bender bayla, the world's first solar cooker village
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solar cookers are vital for somalia's pastoral future. this is why sun
fire cooking's pioneering work in bender bayla is so important.
a recent(*) united nations reports on somalia by the food security
assessment unit (fsau) as well as well as reports by unicef and unocha, makes
it very clear that what 2002 goldman environmental prize winner fatima jibrell
has been saying for over 10 years is coming to pass� deforestation and the
possible end of somali pastoral way of life caused mainly by the charcoal
trade!!! not by drought or civil war although they are contributing factors.
the charcoal trade is the root cause.
it is urgent that the charcoal be stopped, that reforestation, erosion
prevention be initiated on a wide scale. solar cookers must be a key component
to this strategy. solar cookers must be distributed everywhere. in somalia
there is no other practical cost effective alternative. this work is more
urgent than ever given the ongoing humanitarian crisis, much of which is
caused directly and indirectly by the charcoal trade. sun fire cooking is
offering an alternative to charcoal. of course, most important is to stop the
trade and undertake reforestation and more erosion control. however, most
somalis and in fact all of east africa needs to switch to solar cooking
here are some quotes from the fsau report.
crisis as opportunity: reversing the trend of massive and nearly
irreversible degradation of rangelands through deforestation for charcoal
production� executive summary p. 2
so while charcoal cartels profit handsomely - the somali people are left
with a desertified landscape - one with minimal economic potential and a
tragic contrast to the proud pastoral cultural identity of somali people. with
every crisis there is an opportunity. the current humanitarian emergency in
the southern regions is also an opportunity to highlight the charcoal tragedy
there. the somali charcoal tragedy is not a peripheral environmental issue,
but is undermining the foundations of somali economic development and, sadly,
over time it promises to undermine the very core of somali cultural identity.
(*) fsau technical series report no iv.8 february 22, 2006
horn relief has now completed the distribution of a solar cooker to each
of the some 550 households in the fishing village of bender bayla.bender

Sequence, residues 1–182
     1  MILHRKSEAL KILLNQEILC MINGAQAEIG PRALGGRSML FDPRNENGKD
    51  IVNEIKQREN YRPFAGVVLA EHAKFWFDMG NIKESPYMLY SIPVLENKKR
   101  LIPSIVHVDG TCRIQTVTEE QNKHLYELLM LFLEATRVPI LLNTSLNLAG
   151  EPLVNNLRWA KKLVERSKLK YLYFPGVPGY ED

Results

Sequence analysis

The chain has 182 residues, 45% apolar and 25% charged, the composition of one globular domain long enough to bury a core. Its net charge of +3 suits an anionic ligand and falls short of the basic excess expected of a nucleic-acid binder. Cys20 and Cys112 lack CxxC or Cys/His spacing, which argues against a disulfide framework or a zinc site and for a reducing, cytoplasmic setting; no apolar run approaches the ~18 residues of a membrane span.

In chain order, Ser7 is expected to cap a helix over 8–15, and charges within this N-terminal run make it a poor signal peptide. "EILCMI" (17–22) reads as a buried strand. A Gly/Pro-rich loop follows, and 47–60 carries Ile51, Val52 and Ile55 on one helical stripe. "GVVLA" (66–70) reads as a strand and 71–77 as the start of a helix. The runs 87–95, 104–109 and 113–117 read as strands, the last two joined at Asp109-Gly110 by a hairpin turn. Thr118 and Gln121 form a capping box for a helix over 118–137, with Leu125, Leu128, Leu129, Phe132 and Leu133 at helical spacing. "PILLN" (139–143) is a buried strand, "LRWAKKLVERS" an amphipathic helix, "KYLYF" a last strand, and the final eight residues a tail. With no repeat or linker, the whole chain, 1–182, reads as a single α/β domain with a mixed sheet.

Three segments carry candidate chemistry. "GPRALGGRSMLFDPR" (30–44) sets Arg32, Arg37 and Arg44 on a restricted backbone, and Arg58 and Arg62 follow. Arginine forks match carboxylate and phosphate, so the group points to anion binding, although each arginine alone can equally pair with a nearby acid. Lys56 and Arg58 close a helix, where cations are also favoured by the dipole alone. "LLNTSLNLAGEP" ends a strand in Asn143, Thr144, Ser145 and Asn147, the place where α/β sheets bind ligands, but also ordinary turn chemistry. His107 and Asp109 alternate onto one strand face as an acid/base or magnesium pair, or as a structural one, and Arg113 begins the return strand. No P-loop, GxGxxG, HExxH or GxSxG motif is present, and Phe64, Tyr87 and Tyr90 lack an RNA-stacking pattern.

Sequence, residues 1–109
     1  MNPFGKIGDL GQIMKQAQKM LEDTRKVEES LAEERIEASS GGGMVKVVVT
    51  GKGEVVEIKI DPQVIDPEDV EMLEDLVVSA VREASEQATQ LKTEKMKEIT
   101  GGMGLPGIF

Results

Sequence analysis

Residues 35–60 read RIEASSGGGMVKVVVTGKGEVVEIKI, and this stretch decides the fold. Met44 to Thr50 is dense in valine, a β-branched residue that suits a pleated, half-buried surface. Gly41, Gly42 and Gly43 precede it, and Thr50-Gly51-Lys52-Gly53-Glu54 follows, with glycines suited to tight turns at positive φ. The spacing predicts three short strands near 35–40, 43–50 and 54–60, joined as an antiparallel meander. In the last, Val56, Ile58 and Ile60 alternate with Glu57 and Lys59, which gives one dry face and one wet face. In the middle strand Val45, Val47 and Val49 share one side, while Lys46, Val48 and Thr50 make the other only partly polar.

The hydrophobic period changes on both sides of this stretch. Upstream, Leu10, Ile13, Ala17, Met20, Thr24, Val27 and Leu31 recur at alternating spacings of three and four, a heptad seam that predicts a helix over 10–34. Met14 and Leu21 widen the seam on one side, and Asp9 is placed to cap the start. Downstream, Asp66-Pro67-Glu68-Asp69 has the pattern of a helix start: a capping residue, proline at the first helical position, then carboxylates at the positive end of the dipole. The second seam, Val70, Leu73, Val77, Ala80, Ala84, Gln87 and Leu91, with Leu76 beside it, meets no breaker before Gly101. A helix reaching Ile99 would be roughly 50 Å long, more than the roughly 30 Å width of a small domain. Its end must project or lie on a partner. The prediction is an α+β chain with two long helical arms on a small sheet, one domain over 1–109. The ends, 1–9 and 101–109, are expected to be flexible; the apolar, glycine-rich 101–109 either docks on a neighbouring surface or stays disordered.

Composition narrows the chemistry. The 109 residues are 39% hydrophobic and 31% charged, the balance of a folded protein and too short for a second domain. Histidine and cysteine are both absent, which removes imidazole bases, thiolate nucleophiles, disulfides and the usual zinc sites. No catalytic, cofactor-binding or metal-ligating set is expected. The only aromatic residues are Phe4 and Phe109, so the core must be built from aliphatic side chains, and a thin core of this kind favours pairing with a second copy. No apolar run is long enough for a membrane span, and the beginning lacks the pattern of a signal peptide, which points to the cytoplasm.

bayla is near the northern tip of somalia and was badly damaged by the 2004
the local fishermen catch lobster and shark. the lobster
tails and sharks fin are exported. the rest of the shark is not eaten. the
local people get very little benefit from these high value products. bender bayla and other coastal villages are very poor.
assembly and distribution of the cookers was a more difficult undertaking
than initially anticipated. an additional complication was the late arrival of
the second shipment of cookers from china because of shipping delays. in the
end the team leader shukria dini led a team of 12 persons team, known
affectionately as the solar squad, who have the assembly, distribution and
training routine running smoothly.
houses near the beach were destroyed by the tsunami. some houses have
been rebuilt. solar cookers are in use among the rubble.
we have noted that in some parts of town the cookers are in
constant use while other areas they mostly sit idle. this can be attributed to
some people 'catch on' quickly and help their neighbours. we expect
participation rates to increase as the solar squad returns to help people get
started using the solar cookers.
this woman says she has helped her neighbours to use their
solar cookers. she says she now uses very little charcoal.
we are also distributing the cookers to three other coastal villages about
2 hours drive south of bender bayla. we visited two of these villages, dhuur
and el-didhir 10-15 march 2005. these villages are much smaller than bender
the fishing village of el-didhir is one thousand feet
above the ocean at the edge of a steep escarpment. fishermen have a long walk
to their boats.
both women and men help unload the truck and assemble the
cookers. the team has now got assembly down to a fine rhythm. seventy-five
cookers were unloaded, assembled and distributed in one day.
team leader shukria dini looks on as a woman signs for her
a woman has just taken possession of her solar
el-didhir village is particularly taken with the solar
cookers. they do not seem to be intimidated by the new technology and are keen
to learn and to start cooking.
in dhuur village an old man want to learn how to use the
cookers. when we visited him about noon he said "this cooker is no good. i
have had this pot on the stove since 8 o'clock this morning and the water is
still not hot." we explain that there are a few simple things he must do
first. he asks why do i need to turn the mirror? a solar squad member
patiently explains in simple terms the principles of a concave mirror. a
person who grew up in the west probably played as a child with a mother's
make-up mirror, or played with a magnifying glass using the sun to burn a hole
in a piece of paper and at school learned the basic principles of physics.
most of the pastoral and fishing people in this region of somalia have not had
the opportunity to receive an education. it is for this reason that so much
time must be taken to teach people how to use a solar cooker.
two members of the solar squad pose for the camera in
front of a brightly pained house made of flattened oil drums in el-didhir
village. the roof is held in place by old fishing nets.
it's a dusty two hour drive from bender bayla to
el-didhir, but even after a long day the solar squad is in good spirits.
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